British Prime Minister Gordon Brown has condemned nationwide wildcat strikes over the use of foreign workers at a time of soaring unemployment, as unions warned more staff may down tools this week.
Industrial unrest is spreading across Europe, fuelled by a worsening economic downturn. Last week, French workers protested for more pay and job security while Greek farmers set up roadblocks, demanding compensation for low prices.
Mr Brown, asked by BBC Television about last week's walkouts at energy plants across Britain, said they were not defensible, and "not the right thing to do."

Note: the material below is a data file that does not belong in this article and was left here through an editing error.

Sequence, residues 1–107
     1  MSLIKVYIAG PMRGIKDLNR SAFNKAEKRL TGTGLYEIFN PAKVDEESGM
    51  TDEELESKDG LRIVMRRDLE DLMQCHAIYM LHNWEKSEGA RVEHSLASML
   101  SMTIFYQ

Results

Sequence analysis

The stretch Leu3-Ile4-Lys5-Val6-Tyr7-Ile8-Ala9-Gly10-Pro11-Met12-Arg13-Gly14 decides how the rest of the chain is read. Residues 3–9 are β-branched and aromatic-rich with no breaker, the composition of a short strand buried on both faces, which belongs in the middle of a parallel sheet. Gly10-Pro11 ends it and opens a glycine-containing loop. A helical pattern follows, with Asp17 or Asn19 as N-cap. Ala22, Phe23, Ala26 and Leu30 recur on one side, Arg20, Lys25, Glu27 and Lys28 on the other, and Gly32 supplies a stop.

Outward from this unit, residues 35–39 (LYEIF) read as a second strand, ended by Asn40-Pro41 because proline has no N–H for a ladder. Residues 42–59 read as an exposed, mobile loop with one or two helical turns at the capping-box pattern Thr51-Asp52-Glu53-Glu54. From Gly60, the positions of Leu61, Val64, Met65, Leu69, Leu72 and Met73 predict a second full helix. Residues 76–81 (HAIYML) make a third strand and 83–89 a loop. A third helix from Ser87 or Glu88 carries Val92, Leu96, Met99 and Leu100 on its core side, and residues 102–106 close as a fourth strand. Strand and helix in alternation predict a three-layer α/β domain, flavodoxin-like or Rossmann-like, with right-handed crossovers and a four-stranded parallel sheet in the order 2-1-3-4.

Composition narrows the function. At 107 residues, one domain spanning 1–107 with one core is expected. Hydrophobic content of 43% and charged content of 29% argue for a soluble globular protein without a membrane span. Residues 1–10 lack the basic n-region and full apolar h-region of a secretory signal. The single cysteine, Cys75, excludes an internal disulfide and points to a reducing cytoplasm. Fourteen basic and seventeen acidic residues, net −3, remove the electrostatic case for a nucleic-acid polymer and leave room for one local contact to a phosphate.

The government has asked an independent mediator to look at whether skilled British workers were unfairly debarred from contract work at a refinery in eastern England owned by France's Total. Thousands across Britain protested against the use of Portuguese and Italian workers at the site.
"Whether you call it indefensible or not, a lot of people find it understandable in the circumstances," said Derek Simpson, joint chief of Britain's biggest union Unite.
Unions have warned the strikes will continue this week and may even escalate as more workers across Britain discuss whether to join the action.
Unemployment is rising sharply in Britain, up by 131,000 in the three months to November to 1.923 million. The rate of joblessness hit 6.1% - the highest since 1999 - and more big rises are expected as the downturn gathers pace.